Brin’s argument is essentially that cheap, widespread surveillance cannot be prevented and nor can it be kept out of the hands of the powerful (rich, government, criminals etc). Basically our privacy is inevitably forfeit so we might as well get used to that. We can buy a mere illusion of privacy but passing anti surveillance laws but would be a hollow comfort. Therefore we must embrace complete transparency and get used to the death of privacy.

I am repelled by either alternative of course but while his argument is strong it may not be unassailable. Superficially the argument resembles that of the American gun lobby who think that guns are inevitable (in spite of evidence to the contrary in the rest of the world) & even desirable. Therefore if all are armed, none can be oppressed by the armed few. Their mythology of *freedom* & *protection* can be rebuffed by even a quick look at the rest of the world where many are at least as free or more so – especially since George W Bush has been in the chair – and statistically far better “protected”. The NRA ignores the fact that due to the 2nd amendment US citizens need more protection. The numbers show it is not there.

But can a similar argument around information/surveillance be so easily dismissed? Perhaps not. Guns are neither as cheap nor as concealable as the surveillance and information devices we will face in the future so the laters claim to inevitability is far stronger. Invasion of privacy is far harder to detect or find a culprit so it is far harder to fight with law as we do weapons and physical violence. Law may not avail us with information & surveilance the way it has with weapons and violence.

In the end it would appear that the debate on what we should do with our spy electronics needs a far broader conversation. David Brin’s solution may seem radical to many but we cannot dismiss it out of hand.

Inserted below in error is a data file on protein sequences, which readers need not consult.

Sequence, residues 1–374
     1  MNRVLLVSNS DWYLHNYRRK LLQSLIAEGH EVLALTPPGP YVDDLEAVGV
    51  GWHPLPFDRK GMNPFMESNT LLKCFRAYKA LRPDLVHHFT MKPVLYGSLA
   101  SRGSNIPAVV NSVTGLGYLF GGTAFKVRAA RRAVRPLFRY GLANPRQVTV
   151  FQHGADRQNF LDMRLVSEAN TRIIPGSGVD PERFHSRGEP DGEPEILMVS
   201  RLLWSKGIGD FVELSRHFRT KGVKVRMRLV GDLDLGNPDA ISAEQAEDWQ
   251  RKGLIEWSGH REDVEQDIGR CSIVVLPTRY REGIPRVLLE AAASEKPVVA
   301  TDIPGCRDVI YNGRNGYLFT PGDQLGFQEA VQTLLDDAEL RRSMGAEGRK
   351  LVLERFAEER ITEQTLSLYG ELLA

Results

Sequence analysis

~ by clauswitz on April 24, 2007.

4 Responses to “Could our future be that of… slaves?”

  1. I’m with you as a realist, in a strictly depressing kind of way. I’m ahead of you in a non-human orientated way. Dude, have you thought about not being so concerned about people, and concerned about sentience? The seriously-depressed argument you espouse precludes the ability of beings (even if they be ‘stupid’ humans) to make effective decisions about ‘stuff’.

    The entire argment is anthropocentric. Notions of ‘fitness’, ‘rightness’, ‘expansion’, blah blah, are entirely misplaced. What are you talking about? Humans, that’s what, and humanity should not be the object under scrutiny.

    Man, talk about a self-fulfilling prophecy.

  2. Um, thanks Kuipercliff. I’m not sure I am quite following all of your comment yet.
    Firstly I was not so much mounting a finished argument as starting an examination of David Brin’s position. Have you checked either book? I would welcome your thoughts on it if you have.
    On anthropocentricity, can you lay out how you think speaking of generic beings rather than humans helps in this context? Also who the non-human beings you have in mind are & how we know how they might think/behave? I would love to include other sophonts in my thinking (I love the idea of non-human sentience) but only if it would help. Also where do you find reference to ‘fitness’, ‘rightness’, and ‘expansion ’in what I wrote? I am a little at a loss on that but would happily answer it if you would clarify.